By Joel P. Engardio
Pervasive crime and violence were among the problems Peter Finch railed against in his Oscar-winning performance of a distraught television news anchor in the 1976 film Network.
“Nobody anywhere seems to know what to do and there’s no end to it,” he told a nation of beleaguered viewers. They followed Finch’s call to get out of their chairs, open the window and yell: “I’m mad as hell and I’m not going to take this anymore!”
The classic scene has been prophetic for 40 years – except on San Francisco’s westside. The quiet and bucolic neighborhoods that spread West of Twin Peaks to the ocean seemed immune to urban plights elsewhere.
While property crime is up 17 percent citywide, there has been a 47 percent spike on the westside.
“It was a kick in the gut and a wake-up call,” Paul Barbagelata said about his car being stolen in front of his West Portal home -- only a few weeks after his neighbor’s car was also stolen. “I’ve lived in this wonderful neighborhood my entire life and had become laissez faire about how safe it was.”
Barbagelata said he blames Proposition 47, which reduced the penalties for many property crimes. He said the thief of his car had been arrested three months earlier for burglary and released. Then after police caught him for stealing the car, he was released again.
“This guy keeps getting back out on the street and that’s not OK,” Barbagelata said. “The police are doing all they can, but Prop 47 ties their hands. We need to put pressure on the district attorney’s office to address the revolving door of property crimes.”
I think pushing for more police resources and patrols on the westside will help the most. Years of low crime justified less police presence, which made the westside easy pickings.
Barbagelata and his neighbors want city officials to address the crime wave, no matter what it takes. They circulated a petition and gathered 500 signatures.
“This is a shot across the bow that we want change from our political bodies – our mayor, district attorney and supervisor,” Barbagelata said. “It’s their job to keep us safe and the status quo isn’t working.”
Barbagelata is one of many westside residents telling City Hall they’re “mad as hell.” A vacuum of leadership around the crime wave has motivated residents all over the westside to spontaneously start organizing.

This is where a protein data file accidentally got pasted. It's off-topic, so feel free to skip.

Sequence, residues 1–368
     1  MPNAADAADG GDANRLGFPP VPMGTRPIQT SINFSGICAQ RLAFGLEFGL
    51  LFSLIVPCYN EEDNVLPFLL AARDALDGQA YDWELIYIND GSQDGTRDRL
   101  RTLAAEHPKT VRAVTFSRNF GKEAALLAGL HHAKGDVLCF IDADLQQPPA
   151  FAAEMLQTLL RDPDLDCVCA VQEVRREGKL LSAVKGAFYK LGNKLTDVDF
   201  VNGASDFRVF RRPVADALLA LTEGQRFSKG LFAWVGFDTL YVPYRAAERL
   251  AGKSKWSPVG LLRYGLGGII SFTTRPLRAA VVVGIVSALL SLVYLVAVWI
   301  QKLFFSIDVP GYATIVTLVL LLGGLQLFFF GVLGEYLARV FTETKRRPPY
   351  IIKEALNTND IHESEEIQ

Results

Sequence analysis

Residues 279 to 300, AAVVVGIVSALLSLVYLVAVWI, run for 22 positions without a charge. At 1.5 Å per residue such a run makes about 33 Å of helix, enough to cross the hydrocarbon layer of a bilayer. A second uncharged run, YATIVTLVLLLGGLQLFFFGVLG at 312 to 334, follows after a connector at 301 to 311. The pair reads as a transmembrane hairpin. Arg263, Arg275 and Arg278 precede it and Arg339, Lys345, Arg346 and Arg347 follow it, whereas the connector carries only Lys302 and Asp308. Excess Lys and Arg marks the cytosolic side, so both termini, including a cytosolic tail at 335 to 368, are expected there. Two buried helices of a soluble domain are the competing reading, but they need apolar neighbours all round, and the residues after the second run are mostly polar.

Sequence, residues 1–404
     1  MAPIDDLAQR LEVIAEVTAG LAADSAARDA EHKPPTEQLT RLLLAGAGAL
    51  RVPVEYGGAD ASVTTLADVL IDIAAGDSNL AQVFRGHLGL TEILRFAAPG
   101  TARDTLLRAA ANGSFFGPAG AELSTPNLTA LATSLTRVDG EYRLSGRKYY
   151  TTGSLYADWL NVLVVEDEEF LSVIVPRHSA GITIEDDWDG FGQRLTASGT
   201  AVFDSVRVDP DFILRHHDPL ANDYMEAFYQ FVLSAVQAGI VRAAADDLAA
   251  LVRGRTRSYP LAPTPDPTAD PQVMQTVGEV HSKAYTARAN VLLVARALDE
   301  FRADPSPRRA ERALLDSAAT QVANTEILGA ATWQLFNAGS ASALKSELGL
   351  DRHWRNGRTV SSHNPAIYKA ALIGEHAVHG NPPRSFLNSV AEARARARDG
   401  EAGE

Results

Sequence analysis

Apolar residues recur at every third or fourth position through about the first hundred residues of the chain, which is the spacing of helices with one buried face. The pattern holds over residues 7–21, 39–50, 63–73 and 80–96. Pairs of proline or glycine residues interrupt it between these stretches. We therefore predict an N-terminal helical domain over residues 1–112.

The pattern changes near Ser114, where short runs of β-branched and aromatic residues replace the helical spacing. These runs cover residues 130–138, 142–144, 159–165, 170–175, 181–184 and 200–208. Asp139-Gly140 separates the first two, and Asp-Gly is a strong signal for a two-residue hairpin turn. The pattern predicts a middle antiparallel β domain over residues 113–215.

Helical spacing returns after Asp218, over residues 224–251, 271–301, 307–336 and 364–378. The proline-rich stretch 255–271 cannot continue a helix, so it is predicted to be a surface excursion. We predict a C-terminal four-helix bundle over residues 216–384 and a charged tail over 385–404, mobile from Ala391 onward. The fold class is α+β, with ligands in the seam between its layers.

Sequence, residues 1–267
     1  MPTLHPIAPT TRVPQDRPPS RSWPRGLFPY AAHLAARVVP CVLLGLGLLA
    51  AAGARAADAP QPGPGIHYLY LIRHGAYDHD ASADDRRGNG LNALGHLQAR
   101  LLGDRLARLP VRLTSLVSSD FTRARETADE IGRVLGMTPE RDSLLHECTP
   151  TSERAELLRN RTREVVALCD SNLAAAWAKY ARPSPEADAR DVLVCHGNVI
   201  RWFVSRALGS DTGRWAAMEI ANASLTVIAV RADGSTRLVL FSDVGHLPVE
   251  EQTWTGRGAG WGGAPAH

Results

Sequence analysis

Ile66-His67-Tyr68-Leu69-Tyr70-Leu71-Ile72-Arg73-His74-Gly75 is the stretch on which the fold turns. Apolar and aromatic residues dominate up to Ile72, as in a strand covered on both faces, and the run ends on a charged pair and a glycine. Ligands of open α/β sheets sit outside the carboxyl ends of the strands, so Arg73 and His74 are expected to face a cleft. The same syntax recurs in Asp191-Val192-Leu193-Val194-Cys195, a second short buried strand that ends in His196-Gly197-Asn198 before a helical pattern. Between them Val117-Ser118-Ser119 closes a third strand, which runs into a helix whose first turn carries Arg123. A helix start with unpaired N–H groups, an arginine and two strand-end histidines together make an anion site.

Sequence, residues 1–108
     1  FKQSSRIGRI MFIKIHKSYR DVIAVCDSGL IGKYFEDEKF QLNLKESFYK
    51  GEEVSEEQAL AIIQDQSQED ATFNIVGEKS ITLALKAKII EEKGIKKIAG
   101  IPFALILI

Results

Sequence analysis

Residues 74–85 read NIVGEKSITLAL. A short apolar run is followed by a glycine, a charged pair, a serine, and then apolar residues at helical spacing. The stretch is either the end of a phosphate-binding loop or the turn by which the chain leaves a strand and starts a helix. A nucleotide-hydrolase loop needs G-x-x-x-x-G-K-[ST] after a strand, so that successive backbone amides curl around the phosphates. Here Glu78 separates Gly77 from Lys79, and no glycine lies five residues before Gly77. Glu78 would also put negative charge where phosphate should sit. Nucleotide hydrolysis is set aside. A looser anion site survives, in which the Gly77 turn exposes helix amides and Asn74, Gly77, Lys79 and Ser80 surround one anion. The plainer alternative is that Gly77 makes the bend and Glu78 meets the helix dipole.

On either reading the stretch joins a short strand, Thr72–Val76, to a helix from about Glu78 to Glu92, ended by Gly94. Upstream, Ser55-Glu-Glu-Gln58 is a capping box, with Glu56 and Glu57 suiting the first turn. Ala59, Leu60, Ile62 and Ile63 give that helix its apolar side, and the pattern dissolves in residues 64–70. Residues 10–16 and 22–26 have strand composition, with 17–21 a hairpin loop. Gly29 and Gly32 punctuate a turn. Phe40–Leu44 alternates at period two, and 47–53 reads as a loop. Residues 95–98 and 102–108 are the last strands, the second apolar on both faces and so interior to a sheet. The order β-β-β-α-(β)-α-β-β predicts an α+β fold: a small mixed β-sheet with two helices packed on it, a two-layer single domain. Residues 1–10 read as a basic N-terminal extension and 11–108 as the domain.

When cars parked near the popular tiled steps at 16th Avenue and Moraga Street became the target of smash and grabs, Rachel Miller-Garcia and several other neighbors banded together to post homemade warning signs.
In a nearby neighborhood, several residents who work in tech are discussing how to install motion-activated, Internet-connected security cameras that cover the length of their street.
Andrew Mihailovsky spoke up at community meeting to share a great idea: educate dog walkers to look for suspicious activity.
“People have to walk their dogs every day,” said Mihailovsky, who walks his hound-terrier mix in Golden Gate Heights. “They don’t have to be vigilante group, but they can be eyes and ears.”
When J.C. Wallace learned that the elderly couple living behind him experienced a home invasion on a Sunday afternoon, he put flyers on the doors along his street in Merced Manor calling for a neighborhood meeting. Nearly 20 people showed up to Wallace’s living room to discuss starting a neighborhood watch.
“I subscribe to the broken windows theory of keeping up a neighborhood,” Wallace said. “If you tolerate a broken window, or graffiti, or people breaking into homes, it can lead to assault or murder.”
Violence has already plagued some of the 36 home break-ins since January on the westside.
Another home invasion near Wallace’s home involved thieves putting a gun to a woman’s head, according to news reports. I spoke to a woman in Golden Gate Heights who was working from home when a man broke into her house and hit her with a baseball bat.
Andy Segal volunteered to form the first-ever crime and safety committee in the 42-year history of the Greater West Portal Neighborhood Association.
“This is out of control,” said Segal, whose car has been broken into five times the past nine months on Wawona Street. “We don’t want to live like this.”
As a westside homeowner, I don’t either.